The danger of limited sources of information

Imagine you are in school and facing an examination but you did not study because of your limited access to books and other school materials. Worse, you were absent when the topic was discussed. Do you think common sense and logic will make their magic and bring you closer to graduation? Probably but that will not always be the case.

North Korean Leader Kim Jung Un (file copy, Getty Images)

The brain, like any other computer, requires inputs to process things. If you have limited sources of information, your analysis and conclusion, and even the plans based on them, will always be imperfect. A case in point is the alleged death of North Korean leader Kim Jung Un. Because sources are limited, the reports of his “disappearance” fueled speculations of his death. But then, it “was a farrago of misinformation, non-information, half speculation and outright guessing” because in the last few days, a photo of the NoKor dictator appeared showing him  cutting the ribbon on a new fertilizer factory outside Pyongyang.

What if, just for the sake of an example, a trigger happy South Korean faction made a rendezvous in the hermit country and invade it? Or, forecasting chaos, SoKor opened the TMZ and allowed alleged North Korean refugees? In both cases, we could smell a disaster, right?

Panning into the Philippines, we are also courting disaster if we limit the variety of sources for news and information. At the onset of the Coronavirus pandemic, for instance, President Rodrigo Duterte downplayed Covid-19 stating that like SARS, the new strand of virus will just die a natural death. Unfortunately, the virus did not die but instead caused the death of a number of people. Should we blame the President for his pronouncement? Well, “no” and “yes”. “No” because being a new strand, knowledge about the Covid-19 is very limited. And, yes because he talked ahead of his time and this became a cue for policy decisions down the hierarchy. So you see, the flights from the initial virus epicenter were not stopped, mobility was unhampered. Initially.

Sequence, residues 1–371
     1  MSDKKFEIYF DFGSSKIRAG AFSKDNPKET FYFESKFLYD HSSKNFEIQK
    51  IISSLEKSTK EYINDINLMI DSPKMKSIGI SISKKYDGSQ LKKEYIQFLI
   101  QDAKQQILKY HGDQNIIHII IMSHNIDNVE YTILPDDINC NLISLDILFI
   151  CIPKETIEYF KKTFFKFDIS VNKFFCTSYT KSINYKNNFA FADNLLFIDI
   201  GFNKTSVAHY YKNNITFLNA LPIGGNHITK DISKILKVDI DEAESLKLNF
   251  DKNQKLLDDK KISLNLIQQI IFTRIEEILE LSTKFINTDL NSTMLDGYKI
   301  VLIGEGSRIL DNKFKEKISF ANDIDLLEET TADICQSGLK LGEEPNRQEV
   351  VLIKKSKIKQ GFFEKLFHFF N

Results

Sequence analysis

Then there is this talk about the 3% PhilHealth contribution from overseas Filipino workers (OFWs). Because processed information was limited, a tug-of-war between truth and fake news occurred. Those who have limited access to information because of time and Internet data constraints believed and even passed on the idea that the Universal Health Law was made by the “dilawans” — the tag attached to the members of the opposition and anyone who questions the administration whether opposition or not. The truth is, Duterte’s supermajority in both chambers and President Duterte himself signing made the law as it is now. But then, the “dilawans” have been battered, cussed, assaulted and their reputation trampled and the harm is done. Can it be undone?

The Philippines is rich with examples on how lack of information sources distorts conclusions and decisions. But while this is the case, the government has closed another information medium — the ABS-CBN. Is this pointing out to something?

Information is power. In China and North Korea, sources of information controlled and what is released to the public is filtered. The greater the control over the media, the greater the government’s control over the public opinion. Is the Philippine government following this path? We can only give a hunch but time will surely tell.

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